Labor haunted by mining mistakes of past
The question of the future of thermal coal mining in Queensland still deeply confounds the Left-dominated Palaszczuk government and is certain to be an election issue on October 31.
I was reminded of this twice during the week, once while touring Adani's emerging central Queensland coal mine and the second time while on a lunch run for a lamb wrap.
Not far from my suburban Brisbane home a tiny new Mediterranean takeaway joint has opened.
On the counter a plaque proudly boasts how the store was officially opened by senior Palaszczuk government minister Cameron Dick.
Yet 1200km away in the Galilee Basin, there's a massive project taking shape, one that is employing more than 1500 people and has awarded $1.5b worth of contracts to mostly Queensland companies, yet the government cannot bring itself to mention the owner's name.
New Adani Mining chief David Boshoff, laughed heartily when asked whether he expected any Palaszczuk government ministers would want to visit the site.
"Anyone can come out and see the progress," he managed diplomatically.
Yet they certainly don't find it so funny in regional Queensland where their way of life is under siege.
They haven't forgotten the black-throated finch debacle and the government's ham-fisted efforts to thwart Adani at the final hurdle.
They haven't forgotten former treasurer Jackie Trad telling coal miners that they'd have to retrain.
They haven't forgotten Bob Brown's cockamamie convoy or Bill Shorten's mealy-mouthed position on Adani during the federal election.
They also haven't forgotten Premier Annastacia Palaszczuk insisting Adani had nothing to do with federal Labor's election loss and then days later setting deadlines to get the Carmichael Mine approved.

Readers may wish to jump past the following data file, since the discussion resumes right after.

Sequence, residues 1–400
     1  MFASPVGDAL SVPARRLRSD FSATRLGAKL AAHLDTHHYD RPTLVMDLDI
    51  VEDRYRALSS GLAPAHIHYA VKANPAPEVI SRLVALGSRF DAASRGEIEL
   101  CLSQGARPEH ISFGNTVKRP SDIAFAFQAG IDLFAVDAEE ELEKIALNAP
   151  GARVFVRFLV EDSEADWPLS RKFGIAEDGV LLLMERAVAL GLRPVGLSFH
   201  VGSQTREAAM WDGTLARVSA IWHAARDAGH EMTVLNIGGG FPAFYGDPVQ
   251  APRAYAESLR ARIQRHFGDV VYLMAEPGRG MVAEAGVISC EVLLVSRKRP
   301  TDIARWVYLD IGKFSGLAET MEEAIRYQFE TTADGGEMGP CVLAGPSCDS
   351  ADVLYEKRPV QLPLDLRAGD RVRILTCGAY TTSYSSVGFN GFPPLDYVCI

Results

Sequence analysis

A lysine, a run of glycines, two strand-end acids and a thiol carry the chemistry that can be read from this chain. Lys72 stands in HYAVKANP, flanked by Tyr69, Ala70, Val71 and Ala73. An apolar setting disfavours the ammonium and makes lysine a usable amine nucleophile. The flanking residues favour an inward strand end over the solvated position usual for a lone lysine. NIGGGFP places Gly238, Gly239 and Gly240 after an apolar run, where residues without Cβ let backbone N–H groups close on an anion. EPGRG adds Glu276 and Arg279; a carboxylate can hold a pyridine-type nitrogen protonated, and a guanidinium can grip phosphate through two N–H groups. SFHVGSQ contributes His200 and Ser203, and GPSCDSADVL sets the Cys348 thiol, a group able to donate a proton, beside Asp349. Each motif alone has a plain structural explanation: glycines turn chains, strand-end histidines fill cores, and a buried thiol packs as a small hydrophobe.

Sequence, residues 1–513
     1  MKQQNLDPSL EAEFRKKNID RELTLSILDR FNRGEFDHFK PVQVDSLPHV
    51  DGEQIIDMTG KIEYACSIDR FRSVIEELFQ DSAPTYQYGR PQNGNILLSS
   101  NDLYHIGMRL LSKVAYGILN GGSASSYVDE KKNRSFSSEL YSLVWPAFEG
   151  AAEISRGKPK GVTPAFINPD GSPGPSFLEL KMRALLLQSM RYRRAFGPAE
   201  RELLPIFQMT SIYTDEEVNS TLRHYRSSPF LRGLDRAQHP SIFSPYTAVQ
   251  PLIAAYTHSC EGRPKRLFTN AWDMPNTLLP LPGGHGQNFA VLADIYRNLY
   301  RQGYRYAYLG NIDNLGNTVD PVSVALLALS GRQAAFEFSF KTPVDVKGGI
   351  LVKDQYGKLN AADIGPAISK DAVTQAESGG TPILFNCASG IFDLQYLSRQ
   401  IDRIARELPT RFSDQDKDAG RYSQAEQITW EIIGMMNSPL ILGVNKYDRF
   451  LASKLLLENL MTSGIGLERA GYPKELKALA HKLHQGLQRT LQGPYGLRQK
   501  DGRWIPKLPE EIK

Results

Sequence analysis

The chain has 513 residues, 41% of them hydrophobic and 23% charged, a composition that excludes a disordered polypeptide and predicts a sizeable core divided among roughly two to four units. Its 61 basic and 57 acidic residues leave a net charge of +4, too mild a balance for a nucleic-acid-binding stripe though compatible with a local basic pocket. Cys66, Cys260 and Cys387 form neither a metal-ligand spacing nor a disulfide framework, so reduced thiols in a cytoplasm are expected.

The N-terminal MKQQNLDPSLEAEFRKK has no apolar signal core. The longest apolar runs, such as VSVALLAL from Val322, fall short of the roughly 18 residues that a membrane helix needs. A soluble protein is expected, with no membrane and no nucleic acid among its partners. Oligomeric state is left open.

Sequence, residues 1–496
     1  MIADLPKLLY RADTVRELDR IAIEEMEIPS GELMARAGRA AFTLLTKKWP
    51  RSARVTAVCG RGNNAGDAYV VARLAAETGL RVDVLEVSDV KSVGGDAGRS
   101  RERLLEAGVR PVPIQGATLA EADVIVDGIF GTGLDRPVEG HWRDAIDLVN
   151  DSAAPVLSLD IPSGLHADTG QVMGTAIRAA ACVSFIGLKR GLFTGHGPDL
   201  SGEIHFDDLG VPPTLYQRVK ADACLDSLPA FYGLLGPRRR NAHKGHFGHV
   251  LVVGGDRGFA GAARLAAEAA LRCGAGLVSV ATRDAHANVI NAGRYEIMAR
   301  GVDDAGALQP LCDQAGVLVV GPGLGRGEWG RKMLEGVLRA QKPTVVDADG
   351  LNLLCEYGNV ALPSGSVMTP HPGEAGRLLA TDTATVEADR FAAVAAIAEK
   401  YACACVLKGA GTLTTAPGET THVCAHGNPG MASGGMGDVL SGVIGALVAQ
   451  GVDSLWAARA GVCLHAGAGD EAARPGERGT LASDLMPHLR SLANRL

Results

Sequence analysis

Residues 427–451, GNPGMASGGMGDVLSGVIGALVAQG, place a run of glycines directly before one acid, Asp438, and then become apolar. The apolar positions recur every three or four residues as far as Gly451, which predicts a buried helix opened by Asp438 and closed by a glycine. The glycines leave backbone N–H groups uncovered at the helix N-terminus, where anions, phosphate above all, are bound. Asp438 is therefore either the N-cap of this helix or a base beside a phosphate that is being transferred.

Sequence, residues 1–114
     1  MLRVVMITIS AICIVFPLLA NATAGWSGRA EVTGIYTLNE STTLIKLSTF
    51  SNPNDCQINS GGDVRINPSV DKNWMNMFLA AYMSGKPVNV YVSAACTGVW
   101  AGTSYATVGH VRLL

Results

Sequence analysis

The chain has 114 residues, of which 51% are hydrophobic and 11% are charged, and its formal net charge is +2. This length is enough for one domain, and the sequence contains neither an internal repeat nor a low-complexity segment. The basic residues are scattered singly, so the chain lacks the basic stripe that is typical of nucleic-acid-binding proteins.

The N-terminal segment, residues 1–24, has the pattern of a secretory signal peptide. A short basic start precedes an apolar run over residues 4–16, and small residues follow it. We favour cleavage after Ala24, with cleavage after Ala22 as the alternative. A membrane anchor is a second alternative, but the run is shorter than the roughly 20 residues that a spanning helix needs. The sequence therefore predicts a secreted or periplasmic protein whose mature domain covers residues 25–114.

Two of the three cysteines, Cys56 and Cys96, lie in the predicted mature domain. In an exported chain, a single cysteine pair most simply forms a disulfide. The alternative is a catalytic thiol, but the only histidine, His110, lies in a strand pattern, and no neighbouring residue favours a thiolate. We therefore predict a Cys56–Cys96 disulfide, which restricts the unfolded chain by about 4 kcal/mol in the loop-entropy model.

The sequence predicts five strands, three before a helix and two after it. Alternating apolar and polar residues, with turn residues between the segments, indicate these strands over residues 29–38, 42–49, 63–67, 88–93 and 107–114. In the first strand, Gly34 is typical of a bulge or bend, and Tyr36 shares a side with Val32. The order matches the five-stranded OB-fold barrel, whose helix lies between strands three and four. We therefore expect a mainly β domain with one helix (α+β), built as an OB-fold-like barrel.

The COVID-19 crisis, particularly how the government has handled it and how Queensland will recover from it, may be the pervading issue in the southeast corner during the state election.
But in regional Queensland it's the same argument about the economy and financial disenfranchisement that's been going on for years, which has only been amplified by the pandemic.
They're concerned about stores closing and jobs going.
They see and hear about government ministers swinging into town to try and convince people about all the infrastructure being built to help the local economy turn the corner.
But it's all starting to sound a bit like a broken record.
The problem is Labor hasn't been able to shake the anti-resources reputation it earned during Adani's long fight to win approval, particularly among the party's traditional base.
Clearly that message has been sent by members to the CFMEU, with the union pulling its mining and construction divisions from Labor's Left faction and promising not to pour money into Ms Palaszczuk's re-election campaign.
"It seems to be that (state Labor) are actually making the same mistakes that (federal Labor) did," CFMEU boss Michael Ravbar said.
This view is being compounded by the government's stance on the New Acland Stage 3, another thermal coal mine proposal where politics has warped standard approval processes.
Owner New Hope, which has been forced to sack workers while it waits for court decisions, has been travelling regional Queensland to warn the same could happen to other proposals.
These communities don't need much convincing.
In regional Queensland, they know the resources sector has been the golden goose for decades and projects like Adani's are what's needed.
When they look south all they see is a Brisbane-centric Labor trying to spruik a lamb wrap-led recovery.